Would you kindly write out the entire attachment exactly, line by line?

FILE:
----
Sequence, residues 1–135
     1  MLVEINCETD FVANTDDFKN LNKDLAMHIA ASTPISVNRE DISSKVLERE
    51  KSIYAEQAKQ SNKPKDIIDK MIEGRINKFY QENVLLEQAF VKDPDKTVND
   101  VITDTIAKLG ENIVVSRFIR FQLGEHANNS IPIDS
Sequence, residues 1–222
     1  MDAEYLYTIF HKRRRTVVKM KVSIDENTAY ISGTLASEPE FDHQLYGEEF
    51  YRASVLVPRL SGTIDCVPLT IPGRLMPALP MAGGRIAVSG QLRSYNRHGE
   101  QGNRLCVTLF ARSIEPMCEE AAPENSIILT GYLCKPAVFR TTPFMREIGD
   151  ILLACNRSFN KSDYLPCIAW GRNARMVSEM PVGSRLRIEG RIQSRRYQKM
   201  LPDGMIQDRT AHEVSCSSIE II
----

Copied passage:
Sequence, residues 1–135
     1  MLVEINCETD FVANTDDFKN LNKDLAMHIA ASTPISVNRE DISSKVLERE
    51  KSIYAEQAKQ SNKPKDIIDK MIEGRINKFY QENVLLEQAF VKDPDKTVND
   101  VITDTIAKLG ENIVVSRFIR FQLGEHANNS IPIDS
Sequence, residues 1–222
     1  MDAEYLYTIF HKRRRTVVKM KVSIDENTAY ISGTLASEPE FDHQLYGEEF
    51  YRASVLVPRL SGTIDCVPLT IPGRLMPALP MAGGRIAVSG QLRSYNRHGE
   101  QGNRLCVTLF ARSIEPMCEE AAPENSIILT GYLCKPAVFR TTPFMREIGD
   151  ILLACNRSFN KSDYLPCIAW GRNARMVSEM PVGSRLRIEG RIQSRRYQKM
   201  LPDGMIQDRT AHEVSCSSIE II